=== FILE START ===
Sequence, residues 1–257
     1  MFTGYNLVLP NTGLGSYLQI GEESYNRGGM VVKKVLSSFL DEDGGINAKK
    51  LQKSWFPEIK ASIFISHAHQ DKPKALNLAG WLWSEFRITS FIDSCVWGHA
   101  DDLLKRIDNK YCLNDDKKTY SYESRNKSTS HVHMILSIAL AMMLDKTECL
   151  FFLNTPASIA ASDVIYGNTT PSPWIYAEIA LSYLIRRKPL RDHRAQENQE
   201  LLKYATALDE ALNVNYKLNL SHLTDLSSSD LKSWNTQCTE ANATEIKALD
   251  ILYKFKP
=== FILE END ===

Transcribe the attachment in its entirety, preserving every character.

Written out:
Sequence, residues 1–257
     1  MFTGYNLVLP NTGLGSYLQI GEESYNRGGM VVKKVLSSFL DEDGGINAKK
    51  LQKSWFPEIK ASIFISHAHQ DKPKALNLAG WLWSEFRITS FIDSCVWGHA
   101  DDLLKRIDNK YCLNDDKKTY SYESRNKSTS HVHMILSIAL AMMLDKTECL
   151  FFLNTPASIA ASDVIYGNTT PSPWIYAEIA LSYLIRRKPL RDHRAQENQE
   201  LLKYATALDE ALNVNYKLNL SHLTDLSSSD LKSWNTQCTE ANATEIKALD
   251  ILYKFKP